Sqlmap is a framework which is designed to expose vulnerabilities for an sql based storage, a common thing in various web apps. Sqlmap is available here: https://github.com/sqlmapproject/sqlmap. The wiki and the documentation itself still leave a learning curve for the newbie, so we decided that a writeup could be really helpful. This will be a long post and leaves nothing to imagination, hence it will be in 2 parts.

Numerous web based applications use Sql based storage(eg: MySql) for their backend. These web based applications usually use this storage/database as a part of something known as the LAMP stack which is an acronym for an open source platform on which these web based application are built on namely, L(Linux), A(Apache), M(MySql), P(Php/Perl/Python).

Sqlmap is designed to find flaws/expose vulnerabilities in web applications which interact and use database servers based on Sql(MySQL, Oracle, PostgreSQL, Microsoft SQL Server, Microsoft Access, IBM DB2, SQLite, Firebird, Sybase, SAP MaxDB, HSQLDB and Informix). A quick and dirty way to to check whether a web application uses a Sql implementation(eg: MySql) or not is to pay close attention to the url itself. If the url looks/matches the ones below:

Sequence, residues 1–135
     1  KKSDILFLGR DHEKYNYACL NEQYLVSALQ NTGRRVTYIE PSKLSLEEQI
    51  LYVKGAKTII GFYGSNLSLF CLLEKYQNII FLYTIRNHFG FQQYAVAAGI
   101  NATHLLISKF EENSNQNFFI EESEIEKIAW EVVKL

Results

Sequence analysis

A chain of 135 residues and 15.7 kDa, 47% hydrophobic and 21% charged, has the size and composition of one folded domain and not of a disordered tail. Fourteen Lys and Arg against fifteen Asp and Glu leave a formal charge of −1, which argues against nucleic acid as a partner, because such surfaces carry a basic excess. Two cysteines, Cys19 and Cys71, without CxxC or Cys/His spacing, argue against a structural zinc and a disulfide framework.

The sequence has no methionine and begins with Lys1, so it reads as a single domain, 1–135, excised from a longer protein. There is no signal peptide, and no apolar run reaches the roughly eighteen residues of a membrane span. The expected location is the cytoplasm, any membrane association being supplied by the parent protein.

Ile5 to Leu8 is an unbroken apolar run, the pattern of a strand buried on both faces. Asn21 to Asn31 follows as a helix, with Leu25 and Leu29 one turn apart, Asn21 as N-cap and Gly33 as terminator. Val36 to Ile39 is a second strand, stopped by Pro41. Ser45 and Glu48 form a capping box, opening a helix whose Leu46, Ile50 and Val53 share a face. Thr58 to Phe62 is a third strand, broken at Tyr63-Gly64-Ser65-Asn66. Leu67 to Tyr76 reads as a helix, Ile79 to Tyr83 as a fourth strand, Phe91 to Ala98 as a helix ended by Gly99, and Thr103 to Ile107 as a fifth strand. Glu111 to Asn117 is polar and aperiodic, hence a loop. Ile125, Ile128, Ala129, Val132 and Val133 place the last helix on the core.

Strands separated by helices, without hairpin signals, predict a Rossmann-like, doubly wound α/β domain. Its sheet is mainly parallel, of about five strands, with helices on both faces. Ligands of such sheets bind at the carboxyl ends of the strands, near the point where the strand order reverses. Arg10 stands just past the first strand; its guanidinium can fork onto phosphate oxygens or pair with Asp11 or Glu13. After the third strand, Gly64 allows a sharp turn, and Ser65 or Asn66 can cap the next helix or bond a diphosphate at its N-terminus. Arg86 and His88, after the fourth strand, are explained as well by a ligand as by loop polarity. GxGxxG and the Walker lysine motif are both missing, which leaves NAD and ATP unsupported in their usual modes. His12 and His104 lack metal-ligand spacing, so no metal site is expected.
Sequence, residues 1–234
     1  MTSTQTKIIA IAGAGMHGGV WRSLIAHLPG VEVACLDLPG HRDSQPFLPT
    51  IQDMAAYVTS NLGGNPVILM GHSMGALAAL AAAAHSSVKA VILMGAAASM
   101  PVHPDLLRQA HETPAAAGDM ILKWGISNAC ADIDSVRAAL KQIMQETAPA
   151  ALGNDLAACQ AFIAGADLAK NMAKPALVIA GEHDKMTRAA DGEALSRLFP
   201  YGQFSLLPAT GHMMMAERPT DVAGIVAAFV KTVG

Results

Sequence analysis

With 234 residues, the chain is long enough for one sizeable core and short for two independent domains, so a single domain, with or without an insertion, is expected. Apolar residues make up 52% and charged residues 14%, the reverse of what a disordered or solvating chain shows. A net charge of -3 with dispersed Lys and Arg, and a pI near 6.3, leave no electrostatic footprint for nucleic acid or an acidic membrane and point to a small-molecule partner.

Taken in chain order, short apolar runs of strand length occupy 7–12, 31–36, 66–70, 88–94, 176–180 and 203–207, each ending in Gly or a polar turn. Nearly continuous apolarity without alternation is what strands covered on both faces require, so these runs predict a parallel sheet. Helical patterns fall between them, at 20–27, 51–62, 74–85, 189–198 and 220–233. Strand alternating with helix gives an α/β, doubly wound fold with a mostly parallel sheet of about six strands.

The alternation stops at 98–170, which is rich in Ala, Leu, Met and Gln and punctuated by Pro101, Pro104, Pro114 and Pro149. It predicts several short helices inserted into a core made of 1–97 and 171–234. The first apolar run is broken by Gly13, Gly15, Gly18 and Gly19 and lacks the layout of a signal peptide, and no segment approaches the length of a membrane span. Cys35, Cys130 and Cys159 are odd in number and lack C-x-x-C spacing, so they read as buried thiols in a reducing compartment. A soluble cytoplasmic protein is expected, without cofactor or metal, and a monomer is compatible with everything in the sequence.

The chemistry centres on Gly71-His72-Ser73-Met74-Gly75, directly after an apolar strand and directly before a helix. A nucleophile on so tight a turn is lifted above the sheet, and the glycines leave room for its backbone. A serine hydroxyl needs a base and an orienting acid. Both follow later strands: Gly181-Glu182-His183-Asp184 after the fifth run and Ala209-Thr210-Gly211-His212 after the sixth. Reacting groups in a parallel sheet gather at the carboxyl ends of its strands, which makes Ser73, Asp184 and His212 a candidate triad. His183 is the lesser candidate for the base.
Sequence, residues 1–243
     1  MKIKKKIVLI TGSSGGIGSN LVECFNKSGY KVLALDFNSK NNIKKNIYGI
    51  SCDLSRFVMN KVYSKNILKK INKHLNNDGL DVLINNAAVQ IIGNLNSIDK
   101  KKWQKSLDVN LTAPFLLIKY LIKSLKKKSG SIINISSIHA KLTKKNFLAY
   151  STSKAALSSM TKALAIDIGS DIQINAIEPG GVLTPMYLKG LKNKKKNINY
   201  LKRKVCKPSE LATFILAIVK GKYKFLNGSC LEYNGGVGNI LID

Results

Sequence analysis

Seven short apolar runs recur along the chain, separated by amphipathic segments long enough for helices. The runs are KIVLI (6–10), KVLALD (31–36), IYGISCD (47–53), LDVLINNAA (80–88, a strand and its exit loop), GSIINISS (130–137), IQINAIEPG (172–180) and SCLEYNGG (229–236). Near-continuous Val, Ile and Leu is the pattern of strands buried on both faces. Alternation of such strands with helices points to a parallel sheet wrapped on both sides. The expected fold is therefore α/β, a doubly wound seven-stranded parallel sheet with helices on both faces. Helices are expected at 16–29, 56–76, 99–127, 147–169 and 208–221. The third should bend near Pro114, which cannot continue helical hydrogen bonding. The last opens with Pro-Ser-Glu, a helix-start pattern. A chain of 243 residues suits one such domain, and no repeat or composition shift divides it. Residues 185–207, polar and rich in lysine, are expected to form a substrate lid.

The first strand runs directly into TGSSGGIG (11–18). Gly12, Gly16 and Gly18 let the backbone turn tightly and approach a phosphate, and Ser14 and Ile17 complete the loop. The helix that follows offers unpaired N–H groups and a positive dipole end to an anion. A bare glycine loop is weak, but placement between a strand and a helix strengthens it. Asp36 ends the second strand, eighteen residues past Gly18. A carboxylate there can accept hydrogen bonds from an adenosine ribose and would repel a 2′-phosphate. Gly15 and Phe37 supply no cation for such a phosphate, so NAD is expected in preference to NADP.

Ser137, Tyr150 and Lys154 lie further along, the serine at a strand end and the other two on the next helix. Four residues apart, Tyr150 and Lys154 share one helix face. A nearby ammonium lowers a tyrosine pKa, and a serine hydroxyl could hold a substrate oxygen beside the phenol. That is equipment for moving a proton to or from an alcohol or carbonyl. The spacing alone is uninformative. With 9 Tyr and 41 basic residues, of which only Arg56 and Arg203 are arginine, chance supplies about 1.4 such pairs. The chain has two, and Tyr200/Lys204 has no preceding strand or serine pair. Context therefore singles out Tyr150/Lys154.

then there is very good chance that we can use sqlmap here.

For those familiar with google hacking/dorks, Vulnerable web apps can easily be found by running the following google dorks queries:

  • inurl:index.php?id=
  • inurl:gallery.php?id=
  • inurl:post.php?id=
  • inurl:article?id=

These queries can literally end up in millions of vulnerable findings.

For starters, On Mac, Sqlmap can simply be downloaded, extracted in to a separate directory and then executed just like any other python script. Finding will be the first step, exploiting and exposing is the second.

Finding the database supported by the backend:

For the purpose of demonstration we would be referring to this website: www.webscantest.com. To find the database being used, enter the full url as a parameter to the sqlmap script as shown below,

screen-shot-2017-01-11-at-22-49-16

The script will ask a few questions and will spew out a lot of output and just before it ends it will reveal the full implementation details/stack of the web application as shown below,

screen-shot-2017-01-11-at-22-49-41

This is a standard LAMP Stack. So far, we have been able to find the implementation information, it would be really nice if we were also able to find out what is in the database. For this, we will need to execute the script with –dbs command as shown below,

screen-shot-2017-01-11-at-22-57-55

Once again the script spews a lot of output and in the end it yields the name of the 2 databases contained in the backend,

screen-shot-2017-01-11-at-22-58-21

This completes the search phase, we have extracted the necessary information about the web app. Also, we now know that it is comprising of 2 databases, namely information_schema and webscantest. In the second part we will delve deeper into extracting the data from these databases.

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